The biggest challenge for leaders everywhere is to check their ego at the door and stop thinking all the brains are located exclusively in their office. If you as a leader open yourself up to new ideas from your people, they will appreciate that you are giving their opinion some thought. This doesn't mean you’ll accept every idea, but it means you’ll listen, reserve judgment and talk to others before you decide whether to go forward.

An organization that exemplifies this is WestJet Airlines, one of Canada’s largest air carriers. When leaders in the organization were considering the launch of a regional airline, WestJet Encore, they put it to a vote of the entire 9,600-person organization.

As WestJet’s manager of talent Abby Thorsell and organizational development specialist Pam August explained it, if people in the organization had said they didn’t think the move was a good idea for WestJet moving forward, the company wouldn’t have done it. 

“People outside our organization in the industry said no other airline would ever do anything like that,” Thorsell and August said. “It’s not like we put everything to a vote, but whenever possible, we give people a voice.”

Drawing out the best from everyone is part of WestJet’s corporate culture. In this case, the vote had a 69 percent participation rate and carried with a 91 percent majority for “Let's do it.”

Another area where WestJet’s leaders tapped into the experience of their people was in addressing challenges in their on-time performance of the first flight of the day, an important flight that sets the tone for the day.

Working across their network of flight attendants, ground operations and customer service agents, a series of recommendations is being implemented to improve the situation. One of the big wins was how clear the leadership team was in their role of setting parameters, providing support and then getting out of the way.

“The team was able to come up with some really great solutions for implementation because of that approach,” Thorsell and August said. “We are always looking at doing things better and continually improving. We are going to the people who know the work best — the people who do the job.”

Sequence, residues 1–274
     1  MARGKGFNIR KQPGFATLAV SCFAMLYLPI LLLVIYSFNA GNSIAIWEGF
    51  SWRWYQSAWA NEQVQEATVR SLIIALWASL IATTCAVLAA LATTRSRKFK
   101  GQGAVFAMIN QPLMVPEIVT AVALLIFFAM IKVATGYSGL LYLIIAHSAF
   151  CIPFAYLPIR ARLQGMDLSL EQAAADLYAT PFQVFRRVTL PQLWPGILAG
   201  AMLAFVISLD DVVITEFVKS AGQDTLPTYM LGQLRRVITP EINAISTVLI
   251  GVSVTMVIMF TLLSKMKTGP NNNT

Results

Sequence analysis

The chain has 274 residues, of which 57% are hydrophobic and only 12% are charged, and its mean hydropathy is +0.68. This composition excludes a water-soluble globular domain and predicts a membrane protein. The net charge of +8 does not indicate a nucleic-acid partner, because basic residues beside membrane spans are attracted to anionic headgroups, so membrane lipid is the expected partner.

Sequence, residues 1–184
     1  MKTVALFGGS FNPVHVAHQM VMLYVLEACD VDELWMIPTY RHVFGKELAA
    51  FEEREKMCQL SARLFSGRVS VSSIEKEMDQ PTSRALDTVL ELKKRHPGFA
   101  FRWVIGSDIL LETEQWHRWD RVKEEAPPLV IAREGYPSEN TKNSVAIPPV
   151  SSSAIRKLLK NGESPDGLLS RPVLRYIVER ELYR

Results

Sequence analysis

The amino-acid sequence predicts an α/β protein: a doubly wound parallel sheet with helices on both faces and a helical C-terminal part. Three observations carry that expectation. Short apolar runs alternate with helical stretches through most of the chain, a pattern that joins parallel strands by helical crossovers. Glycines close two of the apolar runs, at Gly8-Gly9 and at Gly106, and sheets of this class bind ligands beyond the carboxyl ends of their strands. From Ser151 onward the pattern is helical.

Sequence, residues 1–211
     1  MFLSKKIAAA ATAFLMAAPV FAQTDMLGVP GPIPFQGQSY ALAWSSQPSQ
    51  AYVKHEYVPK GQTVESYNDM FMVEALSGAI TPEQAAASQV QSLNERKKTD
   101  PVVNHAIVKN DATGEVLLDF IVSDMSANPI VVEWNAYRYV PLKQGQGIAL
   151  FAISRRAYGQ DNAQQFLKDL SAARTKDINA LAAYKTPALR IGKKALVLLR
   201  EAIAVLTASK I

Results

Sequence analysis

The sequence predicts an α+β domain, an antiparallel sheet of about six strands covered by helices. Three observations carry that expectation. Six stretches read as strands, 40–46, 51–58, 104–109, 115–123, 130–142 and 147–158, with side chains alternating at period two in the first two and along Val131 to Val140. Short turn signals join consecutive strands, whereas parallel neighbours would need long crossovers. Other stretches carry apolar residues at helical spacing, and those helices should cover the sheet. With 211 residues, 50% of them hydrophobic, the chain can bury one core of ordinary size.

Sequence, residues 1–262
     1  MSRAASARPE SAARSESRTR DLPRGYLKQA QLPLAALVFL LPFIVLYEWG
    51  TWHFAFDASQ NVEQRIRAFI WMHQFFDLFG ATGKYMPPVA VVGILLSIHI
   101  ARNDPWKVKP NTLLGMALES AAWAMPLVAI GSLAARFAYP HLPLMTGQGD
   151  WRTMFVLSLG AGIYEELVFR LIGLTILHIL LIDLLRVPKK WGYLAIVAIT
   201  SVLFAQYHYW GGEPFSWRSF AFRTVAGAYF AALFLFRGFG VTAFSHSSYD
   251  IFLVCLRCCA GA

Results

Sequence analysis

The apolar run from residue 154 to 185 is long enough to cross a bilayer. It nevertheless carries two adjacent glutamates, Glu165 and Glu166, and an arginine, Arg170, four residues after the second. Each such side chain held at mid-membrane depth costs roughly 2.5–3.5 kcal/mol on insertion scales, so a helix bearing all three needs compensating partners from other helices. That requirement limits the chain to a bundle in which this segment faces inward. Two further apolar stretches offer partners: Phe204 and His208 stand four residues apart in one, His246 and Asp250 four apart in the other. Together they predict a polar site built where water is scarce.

Walking the Talk

Today’s workforce, especially millennials, are looking for congruent leaders — leaders who do what they say they will do. For example, a leader might say, “My door is always open,” but direct reports may find they have to go through three administrative assistants to get to that door. What message does this send?

In The Ken Blanchard Cos.’ teams program, co-authors Don Carew and Eunice Parisi-Carew always say to participants, “Why do you want to have diversity? Why do you want to work on a team? You have to believe that no one of us is as smart as all of us. Otherwise, why would you involve other people? If you believe all the brains are in your office, why invite others?”

For leaders who are up to the challenge of getting the most they can out of a diverse workplace population, here are a few reminders and action steps.

  • Set a clear, inclusive vision. This consists of identifying your organizational purpose, picture of the future, operating values and action steps. As a practicing manager, you have the interesting challenge of letting people be themselves while inviting them to be part of a larger vision.
  • Remember, the initial vision is just the first draft.Once an initial vision is crafted, say to others, “Here's our first draft of what we think is a compelling vision. What’s missing? What do you like about it? Would you like to work for an organization with this vision?” This gives people a chance to become a part of the vision.
  • Be easy to talk to. When people share ideas or feedback, your response initially should be, “Tell me more,” or, “Thank you.” But don't feel you always have to respond right away. Instead, you can say, “Let me think about that.” Share the feedback with others and get back to the person at a later time.
  • Consider the whole person.The new generation entering the workplace today doesn’t want to leave their brains at the door. They also don't want to leave their personal lives at the door. They want their managers to get to know them.

Making the most of people’s individual strengths and creativity can really make a difference. When people feel they are being heard by their leaders, they are going to do their best thinking and work with those leaders to achieve the best results for the company. That’s when a leader truly multiplies himself or herself by maximizing the capabilities of each person in their organization.